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Signatory 1991 Mortlach versus “The Wee Witchie”

A Turkish proverb advises, “No matter how far you have gone on the wrong road, turn back.” I’m shocked to report that someone – a multinational beverage conglomerate, no less – seems to have actually taken this advice.

I’ve recently tackled the issue of opportunistic price increases in my review of Aberlour A’Bunadh, and my conclusion was: vote with your wallet. If a corporate owner chases profits by putting up the price of your favorite whisky, buy something else.

Can I be completely honest? I can’t believe that actually works, other than as a coping mechanism to help us poor whisky drinkers get by. I presume that these big corporations have big corporation buildings full of big corporation people (oh, and consultants) whose job is to research markets, segments, price points, and so forth. The profile is so high, the investment so great, that I cannot imagine there is less-than-comprehensive due diligence performed before undertaking a price increase or rebranding, much less half-rebuilding a distillery.

I would be wrong.

Jason contemporaneously weighed in on Diageo’s 2014 decision to undertake the “premiumisation” of Mortlach. In essence, this equated to bigger price tags on smaller bottles. Only four years in, this has proven to be a misstep (put kindly), so much so that Diageo publicly walked back the move last summer. Though there’s not an apples-to-apples comparison across the range due to difference in age statements, some back-of-the-envelope math indicates an average -60% price cut (adjusted for bottle size).

I’m as surprised as anyone to be saying this, but “good on Diageo.” It takes a lot of humility to listen to critical feedback from consumers. It’s difficult to engage in self-reflection and courageous to admit when a mistake has been made. Taking action to rectify these errors shows that someone at Diageo cares deeply about the integrity of their products and their relationships with their customer.

GAHAHAHAHA! They did it because they weren’t making any money, obvi! Mortlach quickly became an overt catastrophe, with distillers and brand ambassadors alike fleeing the listing ship like tartan-clad rats. Someone done messed up. I’d love to tell you that the guy (and it is a guy) in charge of this debacle got fired; more likely he threw some underlings under the bus and got promoted to Global Vice President of F***king With a Perfectly Fine Thing to Cop Some of Them Hot Renminbi.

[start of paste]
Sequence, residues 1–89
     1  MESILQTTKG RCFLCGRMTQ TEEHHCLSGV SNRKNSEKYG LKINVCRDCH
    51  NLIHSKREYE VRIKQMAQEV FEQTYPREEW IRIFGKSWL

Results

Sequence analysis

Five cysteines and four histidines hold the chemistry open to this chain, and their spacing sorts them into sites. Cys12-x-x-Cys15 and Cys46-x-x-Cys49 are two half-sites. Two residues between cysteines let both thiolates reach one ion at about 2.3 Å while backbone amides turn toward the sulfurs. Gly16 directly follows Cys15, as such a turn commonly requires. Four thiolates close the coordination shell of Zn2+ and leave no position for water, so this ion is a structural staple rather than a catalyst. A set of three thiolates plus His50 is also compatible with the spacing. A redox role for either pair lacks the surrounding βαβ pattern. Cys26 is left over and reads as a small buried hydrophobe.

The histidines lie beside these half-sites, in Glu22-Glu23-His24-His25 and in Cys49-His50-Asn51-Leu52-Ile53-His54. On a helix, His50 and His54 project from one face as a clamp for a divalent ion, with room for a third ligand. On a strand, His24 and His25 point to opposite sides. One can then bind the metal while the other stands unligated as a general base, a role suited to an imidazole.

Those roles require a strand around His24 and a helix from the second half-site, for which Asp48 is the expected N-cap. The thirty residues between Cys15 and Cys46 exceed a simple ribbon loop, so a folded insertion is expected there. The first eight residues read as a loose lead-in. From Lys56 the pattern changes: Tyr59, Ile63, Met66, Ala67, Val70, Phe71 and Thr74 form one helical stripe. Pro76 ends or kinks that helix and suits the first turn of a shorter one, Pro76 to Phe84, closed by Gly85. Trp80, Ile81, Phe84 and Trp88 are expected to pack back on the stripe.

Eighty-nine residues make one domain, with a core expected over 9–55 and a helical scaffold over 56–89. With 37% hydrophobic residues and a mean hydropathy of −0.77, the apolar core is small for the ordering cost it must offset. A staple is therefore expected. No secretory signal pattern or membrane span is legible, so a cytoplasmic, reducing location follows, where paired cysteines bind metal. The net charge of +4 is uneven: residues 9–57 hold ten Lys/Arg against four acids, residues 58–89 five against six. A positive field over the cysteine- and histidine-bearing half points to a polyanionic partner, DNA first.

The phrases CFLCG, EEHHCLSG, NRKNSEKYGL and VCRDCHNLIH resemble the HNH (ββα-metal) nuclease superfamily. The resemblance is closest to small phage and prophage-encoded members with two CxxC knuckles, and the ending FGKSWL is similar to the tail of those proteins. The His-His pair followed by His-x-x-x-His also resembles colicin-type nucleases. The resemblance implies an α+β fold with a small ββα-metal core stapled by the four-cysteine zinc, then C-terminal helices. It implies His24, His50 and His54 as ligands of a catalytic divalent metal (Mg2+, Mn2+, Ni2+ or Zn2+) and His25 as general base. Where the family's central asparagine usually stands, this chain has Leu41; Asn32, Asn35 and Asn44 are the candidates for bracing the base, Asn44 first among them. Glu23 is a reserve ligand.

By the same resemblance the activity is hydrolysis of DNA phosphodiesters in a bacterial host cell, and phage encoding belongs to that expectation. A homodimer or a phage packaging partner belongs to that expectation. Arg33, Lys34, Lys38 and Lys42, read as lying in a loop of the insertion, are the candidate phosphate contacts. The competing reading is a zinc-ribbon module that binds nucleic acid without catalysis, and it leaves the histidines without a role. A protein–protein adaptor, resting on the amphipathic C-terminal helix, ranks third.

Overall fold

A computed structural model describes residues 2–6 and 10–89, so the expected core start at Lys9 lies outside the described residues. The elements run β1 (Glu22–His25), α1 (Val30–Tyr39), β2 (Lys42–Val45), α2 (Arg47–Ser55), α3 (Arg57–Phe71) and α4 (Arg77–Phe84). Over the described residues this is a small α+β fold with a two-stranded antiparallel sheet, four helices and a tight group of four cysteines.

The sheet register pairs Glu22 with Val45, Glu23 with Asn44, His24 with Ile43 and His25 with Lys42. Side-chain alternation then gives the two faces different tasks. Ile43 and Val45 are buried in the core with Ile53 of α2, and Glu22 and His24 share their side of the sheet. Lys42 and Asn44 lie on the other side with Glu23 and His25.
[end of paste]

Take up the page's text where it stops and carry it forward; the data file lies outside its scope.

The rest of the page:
What will be interesting to find out is whether Mortlach can reestablish the trust that they eroded through such a nakedly opportunistic money grab. As a prominent fellow Midwesterner put it: “It takes 20 years to build a reputation and 5 minutes to ruin it.” Judging by the coverage here on MALT, Mortlach have turned off their serious drinking audience with these shenanigans. The savvier sippers among us seem to have defected to the independent bottlings, as is the case with so many other distilleries that have lost their way under misguided corporate parentage.

So, we are back where we started from. By “we are” I mean “you are.” My good luck is that I’ve never tasted a Mortlach in my life, for better or worse. Until now!

To digress for a moment: my prior approach to a new (to me) distillery has been to opt for the entry-level whisky/whiskey/bourbon/etc. Since I’m not doing this for pay, I figure I’m writing these reviews as a public service. I surmised that my efforts were best placed by grabbing the same bottle that a normal punter would pick off the shelf and evaluating it as the benchmark for a given producer.

I’ve only just realized that I’ve been swindling myself. Of course, nobody sells their best whisky for $50/bottle! To make amends, I’m barbelling the new low-end Mortlach with a ridiculously expensive independently-bottled single cask. I’m worth it. Also, Jason informs us that a sherry cask Mortlach is the only way to go. Also, it was free.

This is cask #4244, distilled 5/14/1991, bottled 7/19/2016 at 55%, in a run of 222 bottles. My local has it for $300. This dram was graciously shared with me by Carl; many thanks to him for his generosity.

Signatory Mortlach 1991 25 Year Old – Review

Color: Orangey-brown

On the nose: Wonderfully expressive. Kola nut, chestnuts, golden raisins, nutmeg, dates, honey, cocoa butter, lily flowers, eucalyptus, mint leaf, and balsam.

In the mouth: Starts with a bright burst of tart kumquat. Immediately eases into a densely woody midpalate, transitioning through the richness of dried apricot into another sharply citric crescendo towards the finish. Long and warm through the back of the mouth, balanced by a clearly-delineated lingering mineral note. Throughout it all there is a weight to the underlying spirit; not heavy, per se, but massive. It provides inert ballast against the forceful influence of the sherry cask.

Conclusion

A glorious whisky. Packed full of smells and flavors. Clean, rich but fresh, and always finding equilibrium throughout every phase of its progression. You get what you pay for.

Score: 9/10


OK, on to the heavy lifting. I have spent my own hard-earned money on the lowest entrant in the Mortlach “truth and reconciliation” range. It’s named after a still. Yes, really. I can’t do any worse than their official description, reproduced here:

“An ode to our smallest yet most essential still, the ‘Wee Witchie,’ this 12-year-old Single Malt Scotch Whisky has been double-cask matured in both European and American oak to enhance the distinctively rich and robust character that makes Mortlach whiskies legendary.”

The more astute readers among you will note the lack of informational content in the above blurb. I purchased a 750 ml (remember those?) for $47 at Buena Park’s finest bottle shop. It is 12 years old, bottled at 43.4% and available from Master of Malt for £49.95 or via Amazon for £53.35.

Mortlach “The Wee Witchie” 12 Years Old – Review

Color: Dark carrot, with a luminous glint of Irn-Bru

On the nose: This hasn’t lost any of the signature Mortlach meatiness. This is distinct, yet hard to describe; variegated, yet monolithic. In the order that I am able to grasp the aromas: egg yolk, honeysuckle, the damply yeasty aroma of unbaked dough, some more richly buttery notes, vanilla bundt cake, and a hint of freshly-cut green stems.